There has been a lot of different things going through the workshop in the last couple of weeks. To start this journal entry though I’ve a few previously documented projects to show that have moved on a bit. Below you can see the rippled bowl, arched panels and one of the tattooed fists. The walnut bowl is finished and just needs to be photographed properly then delivered, I really like this variation with the ripples top and bottom and will be offering a very limited number for sale in future. The arched panels are primed and ready for final painting as can be seen in the second image. In addition both the tattooed fists have been installed on the clients stairs but still need a final sand and oil. The guys from Thomas Philpott Cabinet Makers did an amazing job installing them.

The images below show my latest prototype for another wooden bowl design. I had the idea for this shape when I was half-asleep one morning. This example was carved from some scrap Sapele. The finished bowl really is a lovely little object and will definitely see further development.

The three images below show some parts that will be used to line doorways in a clients house. The first images shows a hole being cut into walnut strips. These strips will have a molding shape cut into them and then the oak flower carvings shown in the second and third image will be inserted into these. Each doorway will have a different flower motif - 5 doorways, 8 flowers for each doorway. These intricate carvings had to be cut with a very small tapered ball nosed tool (1/16 inch tip) to get the detail.

In a similar vein the card suit carvings, cut in walnut, shown below also use a very small tool to get the detail. These are cut two sided with a 12mm circular plug on the back of them that will be inserted into holes to provide a decorative cover for screw locations.

The ceiling rose shown below was created to house 20 wires that will be stretched around a room with ornamental bulbs on them. To help evenly space the wires we went for a 10 sided design with scalloped edges. This will be painted to match the ceiling colour. This was also a two-sided cut, carving the cavity on the back first then the domed shape after. I also carved some small walnut plugs that will go in the screw holes around the edge once its painted.

The scalloped fan shape you can see in the images below looks relatively simple but its size pushed the CNC and tooling to the limit. The finished part is 100mm high - given I only have 150mm gantry height this meant having to be very careful with positioning of the tool and making sure the tool collet would not collide with the part when cutting. MY safe distance that the tool travels above the part when cutting was only 1.5mm over the surface. As you can see from the images it came out well and the final photo shows it installed waiting to be painted.

The final job to document today is the largest v-inlay I’ve done. The customers wanted a Celtic weave design carved in oak and inlayed into a walnut step. I drew my interpretation of the design in the software I use (Vectric Aspire) as you can see rendered in the first image. I decided to make it in oak and inlay walnut into it, then cut this out and inlay the whole disk into the step as a separate piece. This approach was down to its large size and not being sure how well the inlay process would work at this size. In the images you can see the oak part with the cavity carved out and the walnut insert. I make these so there is a 1.5mm gap underneath for glue and a minimum of 5mm of depth to create the glue joint. The parts are glued and clamped overnight then its run through the planer to get down to the correct inlay depth. As you can see in the final two images this came out perfectly. I am really looking forward to it being installed and oiled as it should look incredible.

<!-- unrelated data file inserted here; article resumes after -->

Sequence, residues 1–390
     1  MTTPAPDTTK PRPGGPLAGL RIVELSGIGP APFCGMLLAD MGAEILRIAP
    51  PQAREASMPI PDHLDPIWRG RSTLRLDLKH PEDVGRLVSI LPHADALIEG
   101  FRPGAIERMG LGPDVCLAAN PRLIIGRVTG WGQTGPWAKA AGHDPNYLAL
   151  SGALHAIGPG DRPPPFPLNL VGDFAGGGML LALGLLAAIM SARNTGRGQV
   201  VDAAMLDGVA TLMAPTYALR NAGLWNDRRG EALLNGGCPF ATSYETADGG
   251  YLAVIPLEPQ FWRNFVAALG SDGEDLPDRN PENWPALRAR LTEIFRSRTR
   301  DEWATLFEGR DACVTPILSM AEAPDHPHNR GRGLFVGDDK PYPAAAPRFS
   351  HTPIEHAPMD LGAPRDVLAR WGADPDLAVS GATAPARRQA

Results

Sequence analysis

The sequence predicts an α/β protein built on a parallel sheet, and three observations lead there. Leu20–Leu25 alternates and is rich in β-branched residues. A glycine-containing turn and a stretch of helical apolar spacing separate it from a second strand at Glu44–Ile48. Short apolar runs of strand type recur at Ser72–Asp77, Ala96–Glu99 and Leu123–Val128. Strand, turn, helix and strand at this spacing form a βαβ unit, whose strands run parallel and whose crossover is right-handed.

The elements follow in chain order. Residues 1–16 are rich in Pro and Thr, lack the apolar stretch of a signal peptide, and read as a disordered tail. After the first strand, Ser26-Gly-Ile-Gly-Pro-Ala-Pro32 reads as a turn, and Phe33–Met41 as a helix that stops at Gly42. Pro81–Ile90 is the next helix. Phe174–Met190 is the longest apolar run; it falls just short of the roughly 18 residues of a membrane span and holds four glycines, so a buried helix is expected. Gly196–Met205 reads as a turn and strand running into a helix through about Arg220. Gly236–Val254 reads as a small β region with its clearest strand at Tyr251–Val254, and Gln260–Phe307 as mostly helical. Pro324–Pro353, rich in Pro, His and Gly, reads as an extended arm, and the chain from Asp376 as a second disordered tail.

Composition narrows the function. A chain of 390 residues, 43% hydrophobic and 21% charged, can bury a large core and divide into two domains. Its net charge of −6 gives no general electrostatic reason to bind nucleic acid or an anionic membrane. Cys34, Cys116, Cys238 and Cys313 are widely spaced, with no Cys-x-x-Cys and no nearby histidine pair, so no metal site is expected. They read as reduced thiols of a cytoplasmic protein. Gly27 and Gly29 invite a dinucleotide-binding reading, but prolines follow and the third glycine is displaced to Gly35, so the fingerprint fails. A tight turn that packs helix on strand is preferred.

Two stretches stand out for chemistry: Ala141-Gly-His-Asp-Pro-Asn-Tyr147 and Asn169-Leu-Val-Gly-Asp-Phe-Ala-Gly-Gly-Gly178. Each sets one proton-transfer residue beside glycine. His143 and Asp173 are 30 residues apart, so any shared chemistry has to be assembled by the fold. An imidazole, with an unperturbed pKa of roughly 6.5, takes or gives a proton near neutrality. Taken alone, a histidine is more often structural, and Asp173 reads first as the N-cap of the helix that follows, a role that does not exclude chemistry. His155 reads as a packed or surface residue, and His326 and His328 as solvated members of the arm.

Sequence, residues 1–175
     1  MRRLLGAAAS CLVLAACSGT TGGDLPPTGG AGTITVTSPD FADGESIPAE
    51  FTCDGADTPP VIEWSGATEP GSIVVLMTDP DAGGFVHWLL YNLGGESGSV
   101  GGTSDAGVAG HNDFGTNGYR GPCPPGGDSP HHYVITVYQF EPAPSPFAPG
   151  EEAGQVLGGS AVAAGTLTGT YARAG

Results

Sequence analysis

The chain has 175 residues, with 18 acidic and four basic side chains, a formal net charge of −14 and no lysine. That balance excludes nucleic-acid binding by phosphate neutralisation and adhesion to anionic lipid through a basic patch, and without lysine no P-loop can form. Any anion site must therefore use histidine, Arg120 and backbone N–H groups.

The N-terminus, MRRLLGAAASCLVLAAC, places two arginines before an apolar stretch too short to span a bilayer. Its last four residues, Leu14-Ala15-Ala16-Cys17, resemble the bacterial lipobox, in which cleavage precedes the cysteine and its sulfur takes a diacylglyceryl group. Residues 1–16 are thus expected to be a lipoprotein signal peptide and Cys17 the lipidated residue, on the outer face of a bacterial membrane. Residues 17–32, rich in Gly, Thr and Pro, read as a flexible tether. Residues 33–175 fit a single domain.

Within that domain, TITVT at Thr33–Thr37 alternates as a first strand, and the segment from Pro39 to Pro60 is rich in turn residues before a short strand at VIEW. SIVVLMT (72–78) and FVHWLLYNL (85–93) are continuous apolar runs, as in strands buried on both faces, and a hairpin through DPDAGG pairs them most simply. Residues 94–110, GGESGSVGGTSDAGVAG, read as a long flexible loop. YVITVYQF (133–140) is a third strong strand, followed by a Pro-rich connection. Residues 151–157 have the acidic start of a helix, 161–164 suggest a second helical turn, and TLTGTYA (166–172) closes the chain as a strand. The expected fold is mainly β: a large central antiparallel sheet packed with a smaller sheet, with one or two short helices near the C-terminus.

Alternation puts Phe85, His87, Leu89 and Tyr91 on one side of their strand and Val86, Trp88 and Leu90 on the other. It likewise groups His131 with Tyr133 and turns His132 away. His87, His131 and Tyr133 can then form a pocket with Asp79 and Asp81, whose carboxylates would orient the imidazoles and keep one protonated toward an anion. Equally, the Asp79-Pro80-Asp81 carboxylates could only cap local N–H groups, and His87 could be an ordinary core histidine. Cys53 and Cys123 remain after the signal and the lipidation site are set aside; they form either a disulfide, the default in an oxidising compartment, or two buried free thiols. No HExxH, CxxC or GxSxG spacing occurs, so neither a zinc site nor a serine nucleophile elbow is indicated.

Arched Doorway, Fountains Abbey, Moulding, Light Covers, an Old Bowl etc.

It’s been a busy couple of weeks in and out of the workshop recently. A lot of work has been for a long term job I’m doing in collaboration with Thomas Philpott Cabinet Makers (the guys downstairs in the workshop) for a client who is completely remodelling their home with some very interesting and ornate features.

One recent set of components that were required for this was a set of panels to go on the underside of an arched doorway. We scratched our heads a bit about how to do these but in the end went for bending sheets of 3mm MDF into a curved glued form and machining the beaded, raised panel shape into these to match the rest of the panelling in the room which is being painted.

In the set of photos shown below you can see this process documented. The first few images show the forms used to curve the MDF and also to cradle it once curved on the CNC. The fourth image shows the MDF glued and in the vacuum bag to keep it in position overnight while the glue set. In the fifth image you can see the formed panel, which was sawn into three pieces. The cradle was then positioned onto the CNC and I machined out a precise curve to ensure everything would line up perfectly.

Each panel was screwed in place on the cradle and then the panel shape carved into it and the edges squared up. The finished parts can be seen in the last image, I also made a saw jig for these so they could be cut to length for installation. They have now been installed but I have not been able to get to the clients house yet to take a photo but will update when I can.